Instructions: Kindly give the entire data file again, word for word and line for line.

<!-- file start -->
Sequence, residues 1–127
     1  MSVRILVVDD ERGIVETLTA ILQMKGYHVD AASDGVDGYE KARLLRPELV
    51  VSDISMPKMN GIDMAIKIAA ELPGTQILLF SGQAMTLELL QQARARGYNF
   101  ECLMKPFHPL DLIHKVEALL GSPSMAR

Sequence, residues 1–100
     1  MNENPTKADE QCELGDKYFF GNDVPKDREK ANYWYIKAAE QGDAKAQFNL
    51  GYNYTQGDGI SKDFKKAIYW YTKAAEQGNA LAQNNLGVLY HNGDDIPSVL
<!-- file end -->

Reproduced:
Sequence, residues 1–127
     1  MSVRILVVDD ERGIVETLTA ILQMKGYHVD AASDGVDGYE KARLLRPELV
    51  VSDISMPKMN GIDMAIKIAA ELPGTQILLF SGQAMTLELL QQARARGYNF
   101  ECLMKPFHPL DLIHKVEALL GSPSMAR

Sequence, residues 1–100
     1  MNENPTKADE QCELGDKYFF GNDVPKDREK ANYWYIKAAE QGDAKAQFNL
    51  GYNYTQGDGI SKDFKKAIYW YTKAAEQGNA LAQNNLGVLY HNGDDIPSVL